Sunday 8 June 2015
The Western Australian State government has just announced that every person sitting a Bachelor of Education will undertake, and must pass, literacy and numeracy tests before they are permitted to graduate because, y’know, it’s ultra-awesome if teachers can spell, read, write, punctuate, recite the times tables, add, subtract, multiply, and divide. Well, duh! Ya think? Who would’ve thought that it was important for teachers to be competent in those areas?
Apparently, it’s taken the State government about twenty odd years to realise this. How do I know it’s taken that long? I’m glad you asked. I know it’s been that long because it’s been about twenty odd years since I graduated university with two university degrees that allowed me to be a teacher. Way back then, the majority of graduates coming out of teaching courses at universities had competent levels of literacy and numeracy. Why? Because we had to jump through education hoops in order to get into university in the first place.
About a year or so after I was accepted, universities began lowering the entrance scores that potential students needed in order to undertake teaching degrees. That’s right, you read that correctly, universities made it easier to get into uni to study teaching. Cogitate on that for just a moment. University entrance scores were lowered for the teaching programme. Put simply, this means that anyone could apply to study teaching. People who couldn’t spell, people who couldn’t perform basic mathematical functions, people who had no idea how to use punctuation correctly, or who had poor grammar, people who really shouldn’t have been permitted to study teaching. Feeding in to that mess was the fact that universities were pushing these people through the teaching programme, passing them when they should not have been passed, and school/teaching supervisors also allowed below par candidates to flow through the teaching practice programme simply because it was easier to get rid of them from the school than deal with the repercussions of failing a candidate.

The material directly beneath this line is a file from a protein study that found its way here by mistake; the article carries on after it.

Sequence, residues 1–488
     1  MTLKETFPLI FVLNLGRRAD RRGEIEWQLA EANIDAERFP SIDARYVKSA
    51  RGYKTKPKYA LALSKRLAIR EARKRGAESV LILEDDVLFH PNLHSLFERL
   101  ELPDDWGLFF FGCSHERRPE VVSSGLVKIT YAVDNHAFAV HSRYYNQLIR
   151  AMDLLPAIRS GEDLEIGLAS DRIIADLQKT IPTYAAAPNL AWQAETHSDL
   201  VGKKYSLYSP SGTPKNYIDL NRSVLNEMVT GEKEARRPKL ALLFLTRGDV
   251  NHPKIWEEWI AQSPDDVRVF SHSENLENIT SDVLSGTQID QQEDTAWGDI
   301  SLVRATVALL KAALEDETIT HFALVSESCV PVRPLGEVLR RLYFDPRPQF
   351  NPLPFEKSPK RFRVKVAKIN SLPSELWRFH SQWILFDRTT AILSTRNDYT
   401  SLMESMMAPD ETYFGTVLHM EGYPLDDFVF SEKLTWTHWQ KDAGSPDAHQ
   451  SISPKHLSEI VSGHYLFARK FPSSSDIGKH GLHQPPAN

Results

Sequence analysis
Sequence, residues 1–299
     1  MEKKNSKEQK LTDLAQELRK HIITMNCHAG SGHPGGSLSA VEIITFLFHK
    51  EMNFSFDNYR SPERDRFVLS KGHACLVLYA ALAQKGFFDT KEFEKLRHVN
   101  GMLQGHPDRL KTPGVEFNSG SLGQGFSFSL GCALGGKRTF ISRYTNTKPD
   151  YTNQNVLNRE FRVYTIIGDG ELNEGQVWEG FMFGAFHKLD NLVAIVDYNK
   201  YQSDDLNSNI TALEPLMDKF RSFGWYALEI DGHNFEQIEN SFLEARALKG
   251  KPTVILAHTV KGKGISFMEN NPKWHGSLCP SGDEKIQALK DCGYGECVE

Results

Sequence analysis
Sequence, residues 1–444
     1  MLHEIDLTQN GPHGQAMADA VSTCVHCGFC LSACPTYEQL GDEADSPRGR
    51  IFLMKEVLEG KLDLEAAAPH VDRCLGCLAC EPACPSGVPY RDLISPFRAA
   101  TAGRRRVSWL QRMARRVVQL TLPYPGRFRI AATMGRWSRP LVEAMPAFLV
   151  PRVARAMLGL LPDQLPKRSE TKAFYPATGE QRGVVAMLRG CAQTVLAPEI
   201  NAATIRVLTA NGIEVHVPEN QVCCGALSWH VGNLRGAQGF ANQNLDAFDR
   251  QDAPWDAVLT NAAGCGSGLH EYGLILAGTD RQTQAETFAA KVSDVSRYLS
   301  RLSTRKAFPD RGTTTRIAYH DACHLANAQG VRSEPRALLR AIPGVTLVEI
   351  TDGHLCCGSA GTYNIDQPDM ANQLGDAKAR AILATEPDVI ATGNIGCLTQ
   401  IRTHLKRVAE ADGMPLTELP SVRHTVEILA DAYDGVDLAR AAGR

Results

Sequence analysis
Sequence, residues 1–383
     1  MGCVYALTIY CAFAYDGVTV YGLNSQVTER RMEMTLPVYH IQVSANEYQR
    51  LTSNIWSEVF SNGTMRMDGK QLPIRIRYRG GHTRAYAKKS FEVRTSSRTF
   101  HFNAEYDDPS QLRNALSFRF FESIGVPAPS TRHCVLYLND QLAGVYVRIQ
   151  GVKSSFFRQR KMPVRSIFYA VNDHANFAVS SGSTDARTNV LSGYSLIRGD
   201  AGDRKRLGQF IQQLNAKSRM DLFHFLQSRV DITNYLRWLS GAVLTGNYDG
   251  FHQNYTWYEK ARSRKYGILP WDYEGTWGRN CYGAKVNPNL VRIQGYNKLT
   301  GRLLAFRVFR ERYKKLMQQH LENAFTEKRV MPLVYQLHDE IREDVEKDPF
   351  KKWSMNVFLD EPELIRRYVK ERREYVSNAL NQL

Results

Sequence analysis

I feel like a bit of a whistleblower at this point, because I think that many qualified teachers know perfectly well that they’ve been in schools where uni students on teaching pracs have been passed through the prac unit because the teaching supervisor felt sorry for the student, or didn’t want to be burdened with filling out the paperwork for a student who failed. That’s not forgetting that it would have looked bad for the university had so many students been failed in the prac unit. Oh, and all that money that the universities would have potentially lost by having students leave courses. We can’t forget how powerful and influential the almighty dollar is.
So back to point. This literacy and numeracy push is long, long overdue. Personally, for years I’ve been dealing with colleagues who can’t spell, can’t use correct punctuation or grammar, can’t complete basic mathematical functions or recite times tables. It seems to me that every new group of teaching graduates is becoming worse, and are in great need of some numeracy and literacy lessons. It is also clear to me that another solution to this problem is to increase the required university entrance score for teaching. Decreasing it was a part of the reason why today’s teachers are so sh!t at literacy and numeracy, so it’s common sense that increasing it will be a remedy.